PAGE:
You can't make up stories like the one unfolding around rogue antivirus company founder John McAfee. Catch up on the latest.

Mathew J. Schwartz, Contributor

December 7, 2012

5 Min Read

Picture the scene: An information security genius retires to Central America, where he dabbles in yoga, guns, and pharmaceutical research. An unknown assassin kills his neighbor, perhaps mistaking him for the security pro. When government agents turn up, the security pro goes rogue, burying himself in the sand, with his face shielded by cardboard so he can breathe. Over the next three weeks, he escapes over land and by boat to a friendly nearby country, where he requests asylum and promises to tell all.

As an episode of "24," viewers might call that scenario forced. But it's the actual ongoing case of real-life 67-year-old antivirus pioneer John McAfee, who fled Belize after being sought for questioning in the Nov. 10 murder of his neighbor, fellow U.S. citizen Gregory Viant Faull, 52. Along the way, McAfee claimed to create a diversion involving another "John McAfee" who was arrested with a North Korean passport in that name at the border between Belize and Mexico, before the real McAfee landed in Guatemala and began seeking asylum.

Having trouble keeping up with the unfolding drama, which is currently in the running for the wackiest information security-related story of 2012? Here are six related facts:

1. Murder Charges Haven't Been Filed Against McAfee

Why did McAfee flee Belize? To be clear, no charges have been filed against him, and investigators in Belize have recently said that he's not a suspect in Faull's murder.

But according to McAfee, authorities in Belize have attempted to frame him for the murder of Faull, after previously harassing him after he stopped donating money to the government. "Seven months ago the Belizean government sent 42 armed soldiers into my property. They killed one of my dogs, they broke into all of my houses, they stole, they arrested me and kept me handcuffed in the sun for 14 hours. I was taken to jail, and it was only the intervention of the U.S. embassy that got me out of jail," said McAfee said in a video uploaded to YouTube by Vice magazine, which has had journalists shadowing McAfee from Belize to Guatemala.

[ For more background on the McAfee story, see McAfee, AV King Turned Fugitive, Surfaces In Guatemala. ]

2. McAfee Alleges Corruption In Belize

On Wednesday McAfee said he'd hold a press conference in Guatemala City Thursday, at which he promised to unveil proof of widespread government corruption in Belize. Just hours later, however, he was arrested by immigration police in Guatemala for having entered the country illegally. Since then, McAfee has been updating his blog from jail. Currently, a judge is reviewing his case and could opt to not return McAfee to Belize if it can be proven that his life would be in danger.

3. Guatemala Rejects Asylum Application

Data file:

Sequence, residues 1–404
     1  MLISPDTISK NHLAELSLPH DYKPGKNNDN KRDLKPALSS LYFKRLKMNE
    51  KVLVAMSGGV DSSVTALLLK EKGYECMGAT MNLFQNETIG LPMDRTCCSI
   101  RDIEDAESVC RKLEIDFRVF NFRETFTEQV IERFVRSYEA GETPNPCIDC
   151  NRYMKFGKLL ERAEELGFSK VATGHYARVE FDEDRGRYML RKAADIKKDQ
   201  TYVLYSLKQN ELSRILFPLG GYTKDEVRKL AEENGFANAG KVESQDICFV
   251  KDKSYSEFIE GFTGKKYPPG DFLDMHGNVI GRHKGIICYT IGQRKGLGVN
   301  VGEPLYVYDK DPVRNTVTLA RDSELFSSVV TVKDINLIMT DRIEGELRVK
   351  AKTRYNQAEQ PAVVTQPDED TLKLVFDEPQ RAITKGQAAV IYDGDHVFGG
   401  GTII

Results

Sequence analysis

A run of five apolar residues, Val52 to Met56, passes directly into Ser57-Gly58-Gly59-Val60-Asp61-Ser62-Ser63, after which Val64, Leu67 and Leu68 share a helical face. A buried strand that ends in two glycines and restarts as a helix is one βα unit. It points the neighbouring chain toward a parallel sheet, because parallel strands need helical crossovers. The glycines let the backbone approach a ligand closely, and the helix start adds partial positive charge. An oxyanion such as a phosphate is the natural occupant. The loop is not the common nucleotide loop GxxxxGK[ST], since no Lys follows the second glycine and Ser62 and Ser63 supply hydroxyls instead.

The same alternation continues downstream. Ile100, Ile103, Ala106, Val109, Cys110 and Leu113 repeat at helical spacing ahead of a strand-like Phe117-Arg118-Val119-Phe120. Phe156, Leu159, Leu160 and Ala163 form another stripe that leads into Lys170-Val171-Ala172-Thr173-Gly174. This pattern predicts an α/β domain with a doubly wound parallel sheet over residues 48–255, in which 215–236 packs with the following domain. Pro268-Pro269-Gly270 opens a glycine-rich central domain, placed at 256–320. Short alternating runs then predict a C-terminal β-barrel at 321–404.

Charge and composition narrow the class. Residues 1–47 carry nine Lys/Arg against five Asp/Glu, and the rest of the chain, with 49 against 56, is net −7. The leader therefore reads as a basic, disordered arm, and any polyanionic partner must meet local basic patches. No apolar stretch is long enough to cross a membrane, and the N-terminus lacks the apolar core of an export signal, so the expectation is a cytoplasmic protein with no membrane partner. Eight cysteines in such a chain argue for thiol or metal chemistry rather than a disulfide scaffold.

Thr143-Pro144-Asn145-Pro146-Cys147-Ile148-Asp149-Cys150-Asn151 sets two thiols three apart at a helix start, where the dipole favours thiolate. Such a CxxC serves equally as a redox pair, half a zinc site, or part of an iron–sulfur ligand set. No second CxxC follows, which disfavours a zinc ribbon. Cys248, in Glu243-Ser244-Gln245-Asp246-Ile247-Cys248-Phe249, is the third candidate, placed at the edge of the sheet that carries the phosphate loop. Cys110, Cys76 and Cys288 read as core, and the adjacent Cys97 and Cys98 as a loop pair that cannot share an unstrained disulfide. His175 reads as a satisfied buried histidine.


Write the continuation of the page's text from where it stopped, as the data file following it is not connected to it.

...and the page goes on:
After being on the run for three weeks, McAfee arrived in Guatemala by boat with his 20-year-old girlfriend, Sam Vanegas, and two journalists from Vice, which inadvertently disclosed his location via an iPhone photo.

One of McAfee's first actions after arriving in Guatemala was to obtain counsel and request asylum. His lawyer, Telesforo Guerra -- a former attorney general of Guatemala and Vanegas' uncle -- filed the asylum request. In a press conference Thursday, however, Guatemalan president Otto Perez Molina announced that McAfee's request had been rejected, saying that the country had "no obligation" to grant his request.

4. Heart Attack: False Alarm

After his asylum request was rejected, McAfee Thursday was taken to a police hospital, complaining of chest pains. Earlier in the day, he'd declined to be taken to a hospital, saying that after suffering a heart attack in 2003, he preferred to use Chinese herbal medicine. "Last night I had a little bit of pain, but I am fine this morning," he told the Associated Press. "I don't like Western medicine ... if the people around me are kind and compassionate, that's all that matters in life. The people of Guatemala are very kind people, so I have no complaints."

Doctors who examined McAfee found no signs that he was having a heart attack, and suggested that the chest pains related to McAfee having consumed no food and little water over the preceding 24 hours.

5. Belize Hints At New Evidence

What might happen if -- or when -- McAfee returns to Belize? Technically, no warrant has been issued for his arrest by the country, meaning that after police questioning, he could be free to go.

Raphael Martinez, a spokesman for the Belize government, said that because charges haven't been filed against McAfee, he could be held for only up to 48 hours for questioning, or longer if formally charged, reported ABC News. "There is more that we know about the investigation, but that remains part of the police work," Martinez said, meaning that investigators may have as-yet-undisclosed evidence relating to the case. Regardless, Martinez argued that returning McAfee to Belize was "the neighborly thing to do."

6. Banner Year For Asylum Requests

It's been a big year for tech-savvy types fleeing charges in one country to seek asylum in another. Indeed, 2012 has also been the year in which Ecuador granted asylum to Julian Assange, the founder of WikiLeaks. The only wrinkle with that case, of course, is that the Australian national is holed up in Ecuador's embassy in London. British authorities have promised to arrest him, should he emerge, and send him to Sweden, where he's wanted for questioning related to charges of sexual molestation and rape that have been filed against him.

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About the Author(s)

Mathew J. Schwartz


Mathew Schwartz served as the InformationWeek information security reporter from 2010 until mid-2014.

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